|This biography from the Archives of AskART:|
|Born in Copenhagen, Denmark, Antonio Jacobsen became one of America's
best known and most prolific painters of marine subjects. From
1880, he lived in Hoboken, New Jersey, having studied at the Royal
Academy in Copenhagen. |
He emigrated to New York in 1871 to
avoid serving in the Franco-Prussian War, and got a job decorating
safes. At that time, he began painting portraits of the vessels
of the Old Dominion Steamship Line, creating about 6000 ship portraits
in the New York Harbor between 1876 and 1919.
Later in his
life, his daughter Helen painted the skies and water of his pictures,
and his son Carl even painted some of the ships credited to Jacobsen.
Peter Hastings Falk, Editor, Who Was Who in American Art
Jacobsen painted neither from life nor fancy. If he didn’t know the vessel from previous assignments, he first sketched it from life. His son, Alphonso T. Jacobsen, recalled chasing after his father down a wet, sandy beach as he got closer to a certain square rigger. “Isn’t she pretty? Just look at that figurehead nodding to her reflection in the water…” the father remarked to his son. After making his notes, he hurried back to the studio to complete a portrait of the ship because the captain was about to leave on the tide that evening. He recorded all of the detail required in sketch books – actually sketched workbooks with prenumbered pages. He kept some 80 or more books in a large wooden box which can be dated from 1879 to 1918. The storage box came in handy when he received repeat orders. He then rummaged in the workbooks for the appropriate sketches and went to work. Jacobsen had a peculiar method of using a page. Rather than reducing the sketch to the size of the paper, he began drawing the stern to a size of his liking, and then continued the midships and prow on the next page. Yet he never wasted an inch of space.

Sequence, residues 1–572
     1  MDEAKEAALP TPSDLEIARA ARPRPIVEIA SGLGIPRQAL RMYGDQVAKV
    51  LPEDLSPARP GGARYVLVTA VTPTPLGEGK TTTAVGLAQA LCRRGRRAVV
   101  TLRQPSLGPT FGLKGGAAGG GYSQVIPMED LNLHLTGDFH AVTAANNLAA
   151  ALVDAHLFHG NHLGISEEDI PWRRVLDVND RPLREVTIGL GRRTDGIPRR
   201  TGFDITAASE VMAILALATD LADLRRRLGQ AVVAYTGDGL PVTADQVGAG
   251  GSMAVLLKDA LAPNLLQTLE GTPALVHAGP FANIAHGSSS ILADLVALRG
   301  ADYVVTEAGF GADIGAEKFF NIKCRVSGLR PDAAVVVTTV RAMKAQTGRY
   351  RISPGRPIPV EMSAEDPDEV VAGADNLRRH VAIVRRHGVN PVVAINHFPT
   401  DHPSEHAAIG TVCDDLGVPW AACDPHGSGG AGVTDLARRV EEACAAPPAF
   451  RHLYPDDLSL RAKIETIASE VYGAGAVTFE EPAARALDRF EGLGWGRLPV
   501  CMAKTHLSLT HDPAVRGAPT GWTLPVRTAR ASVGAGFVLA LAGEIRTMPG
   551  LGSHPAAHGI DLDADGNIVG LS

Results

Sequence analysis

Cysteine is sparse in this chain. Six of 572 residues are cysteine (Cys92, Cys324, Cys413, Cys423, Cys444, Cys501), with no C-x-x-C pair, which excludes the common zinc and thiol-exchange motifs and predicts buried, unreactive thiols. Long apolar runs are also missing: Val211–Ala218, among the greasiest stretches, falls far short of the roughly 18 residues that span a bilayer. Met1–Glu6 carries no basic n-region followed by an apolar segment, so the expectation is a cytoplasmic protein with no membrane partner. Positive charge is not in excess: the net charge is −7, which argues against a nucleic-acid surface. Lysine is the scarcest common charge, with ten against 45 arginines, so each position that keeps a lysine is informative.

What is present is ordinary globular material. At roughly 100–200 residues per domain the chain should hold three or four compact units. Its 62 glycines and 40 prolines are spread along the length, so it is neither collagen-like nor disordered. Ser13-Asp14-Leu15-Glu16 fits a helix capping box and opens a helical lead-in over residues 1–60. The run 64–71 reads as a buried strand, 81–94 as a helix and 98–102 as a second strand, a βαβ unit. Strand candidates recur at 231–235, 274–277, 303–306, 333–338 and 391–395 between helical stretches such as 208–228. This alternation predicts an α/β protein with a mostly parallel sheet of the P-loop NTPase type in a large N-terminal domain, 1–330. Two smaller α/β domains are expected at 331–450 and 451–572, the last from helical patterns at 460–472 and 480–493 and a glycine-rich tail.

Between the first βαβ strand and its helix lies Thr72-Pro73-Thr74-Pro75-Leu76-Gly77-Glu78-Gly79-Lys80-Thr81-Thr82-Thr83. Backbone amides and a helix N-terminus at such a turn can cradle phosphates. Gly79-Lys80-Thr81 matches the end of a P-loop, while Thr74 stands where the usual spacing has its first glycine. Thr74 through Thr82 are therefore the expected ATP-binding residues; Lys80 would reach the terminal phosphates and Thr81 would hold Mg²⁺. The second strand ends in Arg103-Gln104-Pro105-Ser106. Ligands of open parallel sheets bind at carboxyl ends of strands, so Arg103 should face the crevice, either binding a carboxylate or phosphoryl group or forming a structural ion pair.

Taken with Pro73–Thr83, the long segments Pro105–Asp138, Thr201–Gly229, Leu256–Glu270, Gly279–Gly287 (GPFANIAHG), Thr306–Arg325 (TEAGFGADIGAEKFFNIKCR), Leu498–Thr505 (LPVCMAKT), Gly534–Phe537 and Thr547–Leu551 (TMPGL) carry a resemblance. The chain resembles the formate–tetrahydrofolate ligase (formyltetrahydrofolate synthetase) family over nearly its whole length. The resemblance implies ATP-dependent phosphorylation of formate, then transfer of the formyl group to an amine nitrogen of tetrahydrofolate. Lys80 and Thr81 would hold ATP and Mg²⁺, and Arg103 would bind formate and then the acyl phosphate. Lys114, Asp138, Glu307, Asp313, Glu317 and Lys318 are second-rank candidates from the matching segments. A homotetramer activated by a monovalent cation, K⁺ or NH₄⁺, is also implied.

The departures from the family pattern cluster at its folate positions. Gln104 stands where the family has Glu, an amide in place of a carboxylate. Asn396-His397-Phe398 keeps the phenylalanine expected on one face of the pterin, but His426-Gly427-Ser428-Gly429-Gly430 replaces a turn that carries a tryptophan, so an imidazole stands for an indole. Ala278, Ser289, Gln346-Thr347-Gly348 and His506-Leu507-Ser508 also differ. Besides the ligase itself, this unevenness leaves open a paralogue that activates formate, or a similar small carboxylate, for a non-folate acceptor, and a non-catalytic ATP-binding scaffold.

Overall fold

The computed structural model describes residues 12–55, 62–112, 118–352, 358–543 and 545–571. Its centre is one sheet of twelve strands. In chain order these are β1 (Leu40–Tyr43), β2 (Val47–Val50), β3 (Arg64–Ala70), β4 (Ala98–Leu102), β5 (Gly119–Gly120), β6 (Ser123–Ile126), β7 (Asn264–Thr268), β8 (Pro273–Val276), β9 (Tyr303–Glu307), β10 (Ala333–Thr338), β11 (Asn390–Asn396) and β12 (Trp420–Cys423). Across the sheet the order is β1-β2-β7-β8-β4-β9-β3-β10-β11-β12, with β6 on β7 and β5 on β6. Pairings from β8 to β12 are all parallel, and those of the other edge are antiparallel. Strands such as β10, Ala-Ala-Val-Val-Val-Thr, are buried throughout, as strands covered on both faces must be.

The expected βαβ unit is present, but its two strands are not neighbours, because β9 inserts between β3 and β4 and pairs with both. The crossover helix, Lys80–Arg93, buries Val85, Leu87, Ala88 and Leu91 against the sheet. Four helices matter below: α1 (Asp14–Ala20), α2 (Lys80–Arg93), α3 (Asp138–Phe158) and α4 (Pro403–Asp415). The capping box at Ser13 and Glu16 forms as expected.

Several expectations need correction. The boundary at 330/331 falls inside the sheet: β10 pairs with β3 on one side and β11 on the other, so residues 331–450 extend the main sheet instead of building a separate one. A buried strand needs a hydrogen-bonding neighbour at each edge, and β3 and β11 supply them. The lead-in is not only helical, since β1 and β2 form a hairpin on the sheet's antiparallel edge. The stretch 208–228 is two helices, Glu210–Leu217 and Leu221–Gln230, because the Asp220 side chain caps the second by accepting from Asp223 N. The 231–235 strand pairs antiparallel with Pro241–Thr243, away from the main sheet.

Paragraphs included in 20x30 framed copies of A Jacobsen sketches for the Iranian, painted in 1896.
Information provided by Gretchen Potter
|Biography from Rehs Galleries, Inc.:|
|Antonio Jacobsen, America's folk art hero recognized for his unsurpassed contributions to America's maritime history, recorded domestic and international ships as they passed through the age of sail to steam. He was a prolific painter and throughout his life painted an estimated 6000 paintings.|
Jacobsen was born in Copenhagen, Denmark, on 2 November 1850, where, for generations his family had been violin makers. His father encouraged him to practice a similar craft. At an early age he enrolled at the Royal Academy of Design in Copenhagen, however, reversed family fortunes forced him to withdraw. At the age 18 it was compulsory for him to join the Danish military forces, but he decided instead, to sail for America.
He left his family behind and arrived in New York in the early 1870's. Like many other immigrants, he went to New York City's Battery Park looking for work. He passed his days sketching the ships that sailed in and out of the harbor. Not before long a representative from Marvin Safe Company noticed his drawings and offered him a job decorating safes.